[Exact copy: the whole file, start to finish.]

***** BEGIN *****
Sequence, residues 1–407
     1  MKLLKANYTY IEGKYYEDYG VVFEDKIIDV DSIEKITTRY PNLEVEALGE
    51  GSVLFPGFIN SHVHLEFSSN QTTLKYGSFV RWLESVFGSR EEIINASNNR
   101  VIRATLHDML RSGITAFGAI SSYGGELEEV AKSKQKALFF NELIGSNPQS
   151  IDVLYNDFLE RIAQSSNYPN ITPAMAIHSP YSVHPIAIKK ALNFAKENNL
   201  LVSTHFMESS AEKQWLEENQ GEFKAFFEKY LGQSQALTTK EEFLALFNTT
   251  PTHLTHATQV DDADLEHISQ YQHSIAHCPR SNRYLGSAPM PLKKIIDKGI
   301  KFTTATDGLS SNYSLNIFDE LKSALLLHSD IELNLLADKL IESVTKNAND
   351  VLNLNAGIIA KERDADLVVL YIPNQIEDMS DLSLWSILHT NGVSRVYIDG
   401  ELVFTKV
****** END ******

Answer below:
Sequence, residues 1–407
     1  MKLLKANYTY IEGKYYEDYG VVFEDKIIDV DSIEKITTRY PNLEVEALGE
    51  GSVLFPGFIN SHVHLEFSSN QTTLKYGSFV RWLESVFGSR EEIINASNNR
   101  VIRATLHDML RSGITAFGAI SSYGGELEEV AKSKQKALFF NELIGSNPQS
   151  IDVLYNDFLE RIAQSSNYPN ITPAMAIHSP YSVHPIAIKK ALNFAKENNL
   201  LVSTHFMESS AEKQWLEENQ GEFKAFFEKY LGQSQALTTK EEFLALFNTT
   251  PTHLTHATQV DDADLEHISQ YQHSIAHCPR SNRYLGSAPM PLKKIIDKGI
   301  KFTTATDGLS SNYSLNIFDE LKSALLLHSD IELNLLADKL IESVTKNAND
   351  VLNLNAGIIA KERDADLVVL YIPNQIEDMS DLSLWSILHT NGVSRVYIDG
   401  ELVFTKV